That was pure class. Jimbo then reached the third round at Wimbledon (lost to Derrick Rostagno) and the semifinals at Flushing Meadows (lost to Jim Courier). He retired in 1996 at 44.
Ana Ivanovic took down Maria Sharapova 6-1 6-4 to advance to the quarterfinals of the Internazionali d’Italia. The loss ended Sharapova’s 12-match winning streak on clay (victories in Stuttgart and Madrid).
Ivanovic looks poised to get back into the top 10 for the first time since 2009. Do you think she can find back the playing level of her amazing 2008 season, when she won Roland Garros and reached the number one ranking?
Photo credit: Marianne
Ana serving for the match (credit: Mauro):
Envisioned and designed in Le Coq Sportif’s Paris offices, Gasquet’s tennis outfits are exclusive to him and have been made in France at brand’s workshop in Romilly-sur-Seine. A thin border in blue, white and red is a stylish nod to Gasquet’s ranking as the #1 tennis player in France.
Check out this video showing the manufacturing of Richard’s outfit.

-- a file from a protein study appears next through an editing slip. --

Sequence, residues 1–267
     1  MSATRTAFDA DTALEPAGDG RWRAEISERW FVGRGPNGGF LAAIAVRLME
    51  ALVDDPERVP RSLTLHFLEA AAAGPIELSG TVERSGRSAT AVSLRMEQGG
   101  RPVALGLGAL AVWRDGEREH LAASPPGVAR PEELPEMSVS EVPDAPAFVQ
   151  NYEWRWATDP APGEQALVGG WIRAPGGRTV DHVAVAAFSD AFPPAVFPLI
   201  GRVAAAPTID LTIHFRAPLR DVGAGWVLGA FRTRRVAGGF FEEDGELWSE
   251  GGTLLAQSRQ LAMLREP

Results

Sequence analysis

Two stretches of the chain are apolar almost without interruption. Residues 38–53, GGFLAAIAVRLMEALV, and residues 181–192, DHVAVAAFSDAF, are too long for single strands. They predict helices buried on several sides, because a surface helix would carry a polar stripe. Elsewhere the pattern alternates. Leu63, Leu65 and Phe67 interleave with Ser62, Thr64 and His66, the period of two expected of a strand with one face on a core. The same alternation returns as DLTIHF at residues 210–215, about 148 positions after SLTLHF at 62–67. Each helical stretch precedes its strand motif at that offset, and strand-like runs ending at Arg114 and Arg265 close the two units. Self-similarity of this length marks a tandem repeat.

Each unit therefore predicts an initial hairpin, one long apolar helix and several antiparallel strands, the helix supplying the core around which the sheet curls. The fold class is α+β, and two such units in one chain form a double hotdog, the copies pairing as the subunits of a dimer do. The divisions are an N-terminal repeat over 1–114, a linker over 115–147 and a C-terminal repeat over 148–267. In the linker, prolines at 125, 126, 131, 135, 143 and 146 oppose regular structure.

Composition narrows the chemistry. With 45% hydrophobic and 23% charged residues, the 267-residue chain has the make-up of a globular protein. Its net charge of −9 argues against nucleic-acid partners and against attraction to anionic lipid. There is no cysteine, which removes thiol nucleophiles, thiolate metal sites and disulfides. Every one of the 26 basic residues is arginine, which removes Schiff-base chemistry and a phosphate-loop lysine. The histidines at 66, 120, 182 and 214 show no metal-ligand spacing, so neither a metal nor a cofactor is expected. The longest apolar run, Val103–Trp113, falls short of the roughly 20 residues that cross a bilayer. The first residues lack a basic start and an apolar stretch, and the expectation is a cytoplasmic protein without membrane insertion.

Pete Sampras and Andre Agassi did renew their rivalry at the World Tennis Day London Showdown. Agassi took the match 6-3 7-6. You can read the complete recap of the event here. Enjoy a few pics and videos of the match:
Click to enlarge the pics:
The second-ever World Tennis Day took place on Monday 3 March 2014. World Tennis Day aims to promote tennis and increase participation among players around the globe, and this year’s celebrations were centred around exhibitions featuring Grand Slam or Davis Cup champions, on three different continents:
– Li Na vs Sam Stosur and Tomas Berdych vs Lleyton Hewitt in Hong Kong
– Pat Cash vs Ivan Lendl and Andre Agassi vs Pete Sampras in London
– Bob and Mike Bryan vs John and Patrick McEnroe, and Andy Murray vs Novak Djokovic in New York
For the first time this year an event was organized in London, and obviously I couldn’t miss that! Read my recap below and stay tuned for more pics and videos.
Cardio tennis demo
To start the evening, a demo of cardio tennis, a group fitness activity featuring fast paced drills and games. It combines the best features of tennis with cardiovascular exercise.
It does not require tennis skills, but is all about keeping your heart rate up, burning calories and having fun. The main purpose is to get fit.
Ivan Lendl vs Pat Cash
The Ivan Lendl from today is really different from the somewhat cold and robotic player he was back in the days. Believe me or not, Lendl was the real entertainer of the event, he kept talking and joking with the crowd and his opponent.
Ivan Lendl to Pat Cash:
Are you ok? I am supposed to be the old guy!
Cash attacked the net and Lendl demonstrated his back-court skills: drop shots, passing shots and powerful backhands. The Australian took the set 8-6.
Pat Cash, Andrew Castle, Ivan Lendl and Jonathan Ross: